Fundamental Flaws of the Up, Down, and Out Delivery

Written By: Dave Shinskie

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Flaws of the Up, Down, and Out Delivery

Whenever I have a new evaluation come into Baseball Rebellion HQ or sign up for an online lesson I get excited. Especially a young player who is in the beginning stages of throwing a baseball. I also value the opportunity to meet the parents to learn the most about their son or daughter. Parents seek instruction for their child to grow as a player and entrust me to help them through our throwing process. I owe it to both player and parent, to educate and inform them all facets of throwing a baseball, specifically pitching.

There are many important questions I ask allowing me to determine if an individual has started to become a victim of the Up, Down and Out Delivery. The delivery I am describing consist of a few points of interest that an instructor tells the pitcher to get into. First is the balance point, where the leg lifts Up into a balance point, which is not a bad place to start. A kid should be able to balance on one leg. If not, they should not be pitching in the first place. The second is putting the front leg directly down to touch the ground in front of you with the ball of your foot. You will see many instructors teach this movement to start a pitchers delivery.

UP Down

There is nowhere else to go now but Out toward your target. So the ques that are given in this delivery are as simple as they come. “Get to your balance point, step and throw.” Unfortunately, that is not how easy it is but is still taught all over the country every day.

Up Down and Out 5 steps

Here are some of the key points to identify the fundamental flaws of this problematic delivery.

The Fundamental Flaws Involved with the Up, Down and Out Delivery
  1. By forcing each individual into standard positions, all natural athleticism gets lost.
  2. The emphasis on the balance point forces the body to stop it's momentum and ruins a constant flow of movement between the body and arm.
    UDO delivery 1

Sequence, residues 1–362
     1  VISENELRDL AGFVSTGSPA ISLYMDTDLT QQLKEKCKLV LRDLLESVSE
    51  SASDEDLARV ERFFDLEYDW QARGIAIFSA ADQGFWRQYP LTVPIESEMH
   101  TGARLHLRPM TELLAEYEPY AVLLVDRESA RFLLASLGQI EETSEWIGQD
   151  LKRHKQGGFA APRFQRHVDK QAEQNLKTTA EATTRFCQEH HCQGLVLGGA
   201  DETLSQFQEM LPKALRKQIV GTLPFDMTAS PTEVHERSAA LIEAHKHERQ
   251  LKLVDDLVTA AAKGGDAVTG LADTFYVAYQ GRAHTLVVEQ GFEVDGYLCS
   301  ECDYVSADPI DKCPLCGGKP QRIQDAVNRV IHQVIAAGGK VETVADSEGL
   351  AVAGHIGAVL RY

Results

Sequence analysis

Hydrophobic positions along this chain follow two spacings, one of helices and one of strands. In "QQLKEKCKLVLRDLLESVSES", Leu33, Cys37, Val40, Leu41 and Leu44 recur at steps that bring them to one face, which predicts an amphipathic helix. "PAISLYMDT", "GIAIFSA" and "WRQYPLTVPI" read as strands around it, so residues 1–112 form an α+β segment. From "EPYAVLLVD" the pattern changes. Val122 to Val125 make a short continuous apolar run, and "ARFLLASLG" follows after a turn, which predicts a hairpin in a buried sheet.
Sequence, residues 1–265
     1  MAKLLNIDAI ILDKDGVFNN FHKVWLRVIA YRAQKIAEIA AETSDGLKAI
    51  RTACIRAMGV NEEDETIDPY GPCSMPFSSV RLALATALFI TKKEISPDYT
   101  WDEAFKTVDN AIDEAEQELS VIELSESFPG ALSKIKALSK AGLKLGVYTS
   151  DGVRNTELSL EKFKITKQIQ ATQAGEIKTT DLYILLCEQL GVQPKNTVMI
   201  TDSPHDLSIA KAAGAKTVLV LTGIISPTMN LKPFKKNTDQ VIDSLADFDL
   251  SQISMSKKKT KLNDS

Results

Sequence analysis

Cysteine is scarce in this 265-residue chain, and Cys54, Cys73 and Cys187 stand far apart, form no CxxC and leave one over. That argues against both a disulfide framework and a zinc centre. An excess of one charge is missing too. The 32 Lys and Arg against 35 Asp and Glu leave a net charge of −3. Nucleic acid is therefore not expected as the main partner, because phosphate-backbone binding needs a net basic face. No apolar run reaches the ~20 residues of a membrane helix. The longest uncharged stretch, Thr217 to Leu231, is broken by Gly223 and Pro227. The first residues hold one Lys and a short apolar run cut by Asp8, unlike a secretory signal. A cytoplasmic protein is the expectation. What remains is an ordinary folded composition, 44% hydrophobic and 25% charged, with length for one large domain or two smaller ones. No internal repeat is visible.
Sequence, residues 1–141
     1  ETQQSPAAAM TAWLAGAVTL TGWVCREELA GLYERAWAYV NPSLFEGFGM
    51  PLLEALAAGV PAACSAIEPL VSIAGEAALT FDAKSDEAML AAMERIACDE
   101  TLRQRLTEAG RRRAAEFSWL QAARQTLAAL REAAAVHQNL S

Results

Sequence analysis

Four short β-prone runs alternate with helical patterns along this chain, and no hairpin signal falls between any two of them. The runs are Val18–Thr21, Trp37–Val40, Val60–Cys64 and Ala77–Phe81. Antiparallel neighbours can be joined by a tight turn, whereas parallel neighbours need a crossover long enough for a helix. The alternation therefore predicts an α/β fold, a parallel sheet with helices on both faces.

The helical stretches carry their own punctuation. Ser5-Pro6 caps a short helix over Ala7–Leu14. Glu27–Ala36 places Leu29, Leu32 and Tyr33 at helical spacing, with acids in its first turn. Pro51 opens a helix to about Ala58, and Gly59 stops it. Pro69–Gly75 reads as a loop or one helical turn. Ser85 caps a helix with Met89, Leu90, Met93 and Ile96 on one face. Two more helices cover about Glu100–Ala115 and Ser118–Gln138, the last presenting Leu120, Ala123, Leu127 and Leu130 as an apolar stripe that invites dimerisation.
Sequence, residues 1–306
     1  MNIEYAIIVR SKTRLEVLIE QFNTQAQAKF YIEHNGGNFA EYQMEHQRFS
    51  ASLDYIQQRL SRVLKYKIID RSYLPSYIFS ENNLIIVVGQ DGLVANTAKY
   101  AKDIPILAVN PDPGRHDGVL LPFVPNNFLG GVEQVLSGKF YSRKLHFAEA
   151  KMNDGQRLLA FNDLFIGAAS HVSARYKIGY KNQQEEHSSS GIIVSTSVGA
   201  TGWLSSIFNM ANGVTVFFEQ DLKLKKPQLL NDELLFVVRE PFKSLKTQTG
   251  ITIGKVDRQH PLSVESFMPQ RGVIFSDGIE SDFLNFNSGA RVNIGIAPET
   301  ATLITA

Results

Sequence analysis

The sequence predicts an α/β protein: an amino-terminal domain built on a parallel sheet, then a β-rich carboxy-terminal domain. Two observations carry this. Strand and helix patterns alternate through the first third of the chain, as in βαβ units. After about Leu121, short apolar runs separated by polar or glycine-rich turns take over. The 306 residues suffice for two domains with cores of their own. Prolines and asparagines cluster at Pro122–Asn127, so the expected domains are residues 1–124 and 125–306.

3. The "Power T" forces our arm into a standard position and leads to a decrease in arm speed.
  4. Showing the ball to 2b, the elbow and shoulder joints undergo elevated stress (Tommy John Twist).
    Tommy John Twist
  5. The lead foot gets ahead of the body too quickly, losing a large percentage of our mass into each throw.
  6. Facing the lead foot sideways puts more stress on the front knee as rotation happens. The foot has to open up anyway to throw the baseball to the intended target.
  7. All these components of the delivery lead to the arm not being supported at "foot strike". The chest is level/ forward and the hand and elbow are above the shoulder, causing the arm to take more of the stress into acceleration.
Examples from Baseball Rebellion

This is an evaluation video of 12-year-old Connor K. He clearly starts his leg lift going Up, then Down to the ground and Out with his front foot toward to target. This is not his or his dad's fault he looked like this at his evaluation. They may have watched a youtube video that was posted for pitching mechanics for youth pitchers. This video below has been viewed 1,184,884 times and counting. This is exactly why we are named Baseball Rebellion in the first place. We are not rebelling against baseball in general but the things still taught online and in person to youth pitchers and hitters the last 30 years. You can fast forward through this YouTube video and identify all the positions I just mentioned above in the fundamental flaws of the UP, Down, and Out delivery.

I see the Up, Down, and Out delivery as a simple way to teach pitching mechanics to a large group of pitchers, especially young kids learning to pitch for the first time. Camps and clinics of most major D-1 universities will use a variation of this concept to teach tons of kids, all the same information, in one setting. All kids are unique, so let them be different! The uniqueness of every athlete is a big reason why I believe that when you are teaching specialized movements, like pitching or hitting, large group settings are not beneficial to the athlete. Small groups, or even individual training like we do at Baseball Rebellion, allows for each athlete to be treated differently and have their movements adjusted accordingly.